This article was orginally published in the May 1996 issue of Charisma.
In Manhattan, David Wilkerson has given the term ‘Broadway revival’ a whole new meaning.
Perhaps God had a better idea when the rock opera Jesus Christ Superstar opened 25 years ago in Manhattan at the Mark Hellinger Theatre. Today the ornate Broadway landmark houses a flourishing Pentecostal ministry called Times Square Church (TSC), founded by David Wilkerson in 1987.
“We originally came here to find a holy remnant who would welcome repentance and set an example that people could live a righteous life in the midst of Babylon or Sodom,” Wilkerson says.
Thousands jam three services every Sunday, raising hands in joyous praise. “We’ve had a continuous revival since we opened the doors,” the 64-year-old pastor told Charisma. “I see an excitement about the things of God here that I’ve never seen anywhere, other than overseas. People won’t go home. They want to stay, sing and -worship.”
The church, Wilkerson says, is built on a foundation of prayer. In 1995 Christians gathered three nights a week for special prayer, entreating God for revival in New York City. They prayed the crime rate down, Wilkerson claims, along with the removal of a school chancellor who advocated a third-grade curriculum introducing the homosexual lifestyle.
The racially mixed church is blessed with a zealous congregation from diverse backgrounds. Welfare recipients praise the Lord next to middle-class families, single professionals and executives. Sixty nationalities are represented in the congregation. Sermons are simultaneously translated into Russian, Spanish, Portuguese and French. Some worshipers claim their seats two hours before the service begins.
“The love of God covers color barriers. That’s why you have so many different nationalities here,” says member Kimberly Long, who with her husband, Brian, has been attending and “growing” ever since they were introduced to the ministry of TSC through friends.
A 12-person security force assists the congregation but also stays alert to pickpockets and occasional disturbances from drug addicts or deranged people lunging onto the stage. People identified by the church as demoniacs have screamed out ugly threats. “We try to be ministers of reconciliation,” says Chris Currenti, security director. “Where we are in Manhattan, we have no choice but to have security.”
Dedicated believers support the ministry wholeheartedly. When a crippling blizzard hit New York on Jan. 7, more than 1,000 still showed up for the Sunday evening service. And every weekend, Peter Moran, an elder who lives in Lancaster, Pa., makes the six-hour round-trip drive with his wife and five children to attend the church.
Several thousand people make personal commitments to Christ each year, Wilkerson reports, and about 1,000 are baptized annually.
An estimated 50 people in the congregation suffer from AIDS. According to Wilkerson, the church has three documented cases of healings of AIDS, substantiated by medical reports and blood-test results.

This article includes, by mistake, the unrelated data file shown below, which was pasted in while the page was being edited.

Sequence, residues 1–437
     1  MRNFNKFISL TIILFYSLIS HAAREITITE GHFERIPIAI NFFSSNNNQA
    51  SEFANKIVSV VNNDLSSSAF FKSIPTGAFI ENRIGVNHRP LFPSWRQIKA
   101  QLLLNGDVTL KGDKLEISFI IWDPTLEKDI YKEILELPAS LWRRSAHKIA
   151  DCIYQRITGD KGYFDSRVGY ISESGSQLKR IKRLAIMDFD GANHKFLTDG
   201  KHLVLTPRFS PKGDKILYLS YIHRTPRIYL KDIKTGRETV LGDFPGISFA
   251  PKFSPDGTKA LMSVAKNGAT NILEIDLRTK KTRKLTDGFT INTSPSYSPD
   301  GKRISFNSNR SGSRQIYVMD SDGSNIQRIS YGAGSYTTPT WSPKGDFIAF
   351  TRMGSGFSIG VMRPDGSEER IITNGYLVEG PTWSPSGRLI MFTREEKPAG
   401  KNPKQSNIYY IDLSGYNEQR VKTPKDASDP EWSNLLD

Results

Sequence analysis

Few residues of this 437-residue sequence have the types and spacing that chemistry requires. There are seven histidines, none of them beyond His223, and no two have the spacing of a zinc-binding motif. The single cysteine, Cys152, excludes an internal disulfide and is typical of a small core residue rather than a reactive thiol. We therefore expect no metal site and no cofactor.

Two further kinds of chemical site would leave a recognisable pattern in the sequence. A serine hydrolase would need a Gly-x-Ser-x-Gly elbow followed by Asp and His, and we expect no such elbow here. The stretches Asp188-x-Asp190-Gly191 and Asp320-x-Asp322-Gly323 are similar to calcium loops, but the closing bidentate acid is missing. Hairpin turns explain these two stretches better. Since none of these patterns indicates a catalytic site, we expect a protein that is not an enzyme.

With a staff of 95 and an annual budget of $18 million, the mega-ministry is debt-free. The ministry of TSC includes drug rehabilitation centers for women and men, a feeding program and a Bible school. TSC also gives as much as $4 million annually to U.S. and world -missions.
A 150-bed homeless shelter and evangelistic center called Isaiah House is scheduled to open in June. The nine-story, 45,000 square-foot building is located in a former warehouse near Times Square. The project will cost about $4.5 million. “It’s going to be one of the strongest inner-city evangelism centers in the country,” Wilkerson believes.
The ministry’s success stories represent untold changed lives. One example is Mark, a suicidal man who joined the Timothy House men’s drug rehab center in June 1995. “I was selling drugs. I was robbing. I was using crack. My life was tossing and turning, and I wanted a way out,” Mark said.
He kicked his habit and is now a radiant, born-again Christian. “I feel wonderful today,” he says. “It’s nothing but Jesus; His love is beyond measure.”
TSC recently purchased 65,000 square feet of space in a building on Broadway adjoining the former theater that will house a Bible school and Sunday school for 1,500 children. “The church is exploding, and we didn’t have room,” Wilkerson explains. “It was a miraculous release of property that we had prayed about for two years.”
That kind of faith and growth has characterized Wilkerson’s ministry since he rose to national prominence in 1958 after his attempts to help seven young men on trial for murder in New York made front-page headlines. That incident, and Wilkerson’s subsequent efforts to reach gang members with the gospel, became the basis for the book The Cross and the Switchblade.
The ministry he founded at that time, Teen Challenge, is considered to be one of the most successful drug rehabilitation ministries in the world. He also founded the evangelistic -ministry World Challenge.
Dismissing any thoughts of retirement, Wilkerson intends to remain as senior pastor, as well as continue ministering to hurting pastors and writing and speaking on issues that impact the church. In his own style of cutting-edge fervor, he observes, “I think there is a spiritual famine in hearing the true word of God. There is very little preaching against sin.”
Unlike many other Christian leaders, he doesn’t see signs of a national revival. “There are people having great emotional experiences right now and calling it revival,” he says. “But I think true revival will come through searing, heart-piercing, convicting preaching where people are driven to their knees to repent.”
Peter K. Johnson is a freelance writer based in New York.
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